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View Full Version : Should I do deadlifts and squats at my age?



drglfr
06-05-2006, 08:22 PM
I was just at 24 hour fitness because I was thinking about joining being that its close to my house.. I was able to sit down with a trainer to discuss my fitness goals. I explained to the trainer that I wanted to lose fat especially around the mid section and gain muscle. I asked the trainer about deadlifts and squats and he told me that theres absolutely no reason in the world that I should do deadlifts or even squats especially at my age (36) Everything that I have ever read about lifting weights whether it was in a magizine or on this forum says that deadlifts, squats, and bench press are the most important exercises to do. I am now completely confused. Any advice would be greatly appreciated.

gsegal
06-05-2006, 08:29 PM
Give me a break! If it was up to 24-hour fitness pseudo trainers, they would have everyone doing bicep curls with their eyes closed, hands tied behind their back and standing on one leg. The best exercises one can do to build strength and muscle mass is the big three. Lift squats, deadlifts and bench heavy and insert supportive exercises where lacking to reach your goals.

dapper
06-05-2006, 08:30 PM
From my experience I will say this.

I have done deadlifts and I have done squats, also done some leg presses, but now this is what I do and I will tell you one thing. You might hate leg day but this is what has made a difference for me.

Lower 1 done on Tuesdays supersets at that
Box Squats
Stationary Lunges

Sumo Squats
Romanian Deadlifts

Wednesday is a booster shot day of 100 reps of these
Narrow Stance box squats
Seated Leg Curls

Friday Lower 2 Supersets also
Front Squat
Deadlifts

Bulgarian Squats
Glute Ham Raises

Saturday Booster Shot 2
Quad Dominant Leg Press
Hamstring Dominant Leg Press

I personally believe that all this leg work has aided with everythign else that I do it has added overall strength to my body as well. When I started doing this I started showing improvement in my measurements. I now notice my quads are harder and when I am walking upstairs I can actually see the muscle coming thru.

Just my .02 cents but I think both of those exercises should be in everyone's routines always or you are just pretending, unless you physically cannot do them.

MarkY
06-05-2006, 08:52 PM
I think there might be a few people on this forum that agree with me when I say that this "trainer" you speak of is a flipp'n MORON.

dapper
06-05-2006, 08:57 PM
I will add something else. I have noticed trainers at my gym never have people do squats, deadlifts of any kind. If they do bench it is with a machine. I have not asked one of them but I bet the owners tell them not to have people do squats and deadlifts because if they use inproper form that customer may be albe to sew the gym. I have noticed one or two trainers have people stand on a half ball thing and use a smith machine to do squats but the feet are way way out in front of them so their back I guess can stay straight. So when theys stand they are actually pushing like some sort of leg press.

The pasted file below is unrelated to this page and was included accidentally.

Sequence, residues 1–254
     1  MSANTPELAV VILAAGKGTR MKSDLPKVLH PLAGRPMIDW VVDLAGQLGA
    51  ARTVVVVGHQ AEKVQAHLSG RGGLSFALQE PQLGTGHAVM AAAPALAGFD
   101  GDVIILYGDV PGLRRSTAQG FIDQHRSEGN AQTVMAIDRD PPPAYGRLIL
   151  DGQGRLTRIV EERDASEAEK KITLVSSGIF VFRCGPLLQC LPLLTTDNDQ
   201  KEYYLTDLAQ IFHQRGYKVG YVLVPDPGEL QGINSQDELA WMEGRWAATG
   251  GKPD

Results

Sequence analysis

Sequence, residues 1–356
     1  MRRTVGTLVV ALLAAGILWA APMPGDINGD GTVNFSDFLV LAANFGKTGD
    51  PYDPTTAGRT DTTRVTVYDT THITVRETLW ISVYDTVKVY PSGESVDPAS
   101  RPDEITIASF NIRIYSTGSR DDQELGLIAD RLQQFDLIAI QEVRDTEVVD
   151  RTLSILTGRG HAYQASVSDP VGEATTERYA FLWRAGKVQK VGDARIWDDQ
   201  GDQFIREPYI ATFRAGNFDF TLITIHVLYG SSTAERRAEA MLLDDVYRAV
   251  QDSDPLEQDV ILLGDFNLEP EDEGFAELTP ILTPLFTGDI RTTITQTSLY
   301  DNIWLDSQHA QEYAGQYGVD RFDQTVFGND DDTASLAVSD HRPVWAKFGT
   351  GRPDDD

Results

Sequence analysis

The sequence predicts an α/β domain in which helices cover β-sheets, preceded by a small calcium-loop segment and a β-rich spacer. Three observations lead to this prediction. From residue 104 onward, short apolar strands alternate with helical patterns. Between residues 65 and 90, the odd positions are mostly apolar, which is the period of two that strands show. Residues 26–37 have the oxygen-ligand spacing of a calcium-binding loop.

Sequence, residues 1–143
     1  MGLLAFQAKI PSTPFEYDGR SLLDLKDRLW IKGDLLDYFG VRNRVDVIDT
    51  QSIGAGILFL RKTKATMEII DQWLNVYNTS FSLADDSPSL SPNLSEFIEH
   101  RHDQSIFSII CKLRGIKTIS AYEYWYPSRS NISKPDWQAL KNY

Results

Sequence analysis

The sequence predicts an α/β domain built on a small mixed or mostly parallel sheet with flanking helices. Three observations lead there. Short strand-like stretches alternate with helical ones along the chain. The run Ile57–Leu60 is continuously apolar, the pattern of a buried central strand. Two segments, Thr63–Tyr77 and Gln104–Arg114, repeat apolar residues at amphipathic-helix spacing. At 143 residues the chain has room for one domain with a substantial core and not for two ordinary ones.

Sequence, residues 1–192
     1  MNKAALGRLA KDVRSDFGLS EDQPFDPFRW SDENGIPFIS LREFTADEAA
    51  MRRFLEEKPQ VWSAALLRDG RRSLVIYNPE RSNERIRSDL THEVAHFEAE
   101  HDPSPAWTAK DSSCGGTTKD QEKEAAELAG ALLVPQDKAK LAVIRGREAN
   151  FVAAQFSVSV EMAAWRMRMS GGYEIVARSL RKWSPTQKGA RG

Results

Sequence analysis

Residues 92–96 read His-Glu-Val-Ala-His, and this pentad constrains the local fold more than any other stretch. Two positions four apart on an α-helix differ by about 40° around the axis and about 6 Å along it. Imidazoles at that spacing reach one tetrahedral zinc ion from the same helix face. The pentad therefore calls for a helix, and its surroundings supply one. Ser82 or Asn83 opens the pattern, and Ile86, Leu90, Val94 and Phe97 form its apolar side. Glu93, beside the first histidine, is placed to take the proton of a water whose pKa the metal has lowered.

Just another opinion but I would put money on it they are told not to because of law suits.

drglfr
06-05-2006, 09:00 PM
Thanks for the advice. I did however forget to mention that the trainer said my height is a factor as well. Since I'm 36 years old and 6'5 the risk of injury if done wrong is high. Physically I feel capable of doing them but my knees do make cracking sounds everytime I try to do a squat but they don't seem to hurt.

Ben N
06-05-2006, 09:03 PM
I think there might be a few people on this forum that agree with me when I say that this "trainer" you speak of is a flipp'n MORON.


Agreed!
I'd stay away from that knuckleheaded "trainer"!
He's probably stuck in curl limbo somewhere...
I've been on the Mark Rippetoe "Starting Strength" program for not quite 2 weeks now (you should consider buying the book too), so I'm really new at it. But I'll tell you that I do see and feel all around improvements ALREADY!
Just my 2 cents.
Ben N

bilnv
06-05-2006, 09:18 PM
What does he mean by "Your age"? I wish I had done more squats and deadlifts when I was "Your Age". Now I do the big three all the time and have had no problem at all.

At 6'5" squats probably won't be easy but I would still do them and work on form more than anything. I think deadlifts and benches would still work though.

Almost forgot. My knees make a lot of noise and also hurt sometimes. I have had this checked and it is not a problem in my situation. If it bothers you I would get it checked but if it does not hurt I would not worry to much about it.

lukamar
06-05-2006, 09:35 PM
he told me that theres absolutely no reason in the world that I should do deadlifts or even squats especially at my age (36).


Did he happen to mention if you were too old or too young for squats...:D
Moron Trainer was mentioned.. I'll ditto that one. LOL

Dubble G
06-05-2006, 10:24 PM
When that trainer grows up, if he ever works out and if he still has a job, He'll change his mind. For now; steer clear ~ the kid doesn't have a clue!

cuhockey
06-05-2006, 10:28 PM
At my 24 Hour Fitness, Omaha, they have many people your age doing squats , romanian deadlifts, box squats, deadlifts. When ijoined I thought the trainers would be a joke, but they aren't. I have two freinds in the western US training professional atheltes and they are cutting edge trainers. The 24 hour trtainers are not far behind---I've been impressed.

Maybe you are too tight and lack flexibility to properly do a squat. Otherwise you should be able to do it do it.

BTW I'm 55 and I do squats, front squats, romanian deadlifts and deadlifts with 20 year olds, and my form is better.

1stindoor
06-06-2006, 02:35 AM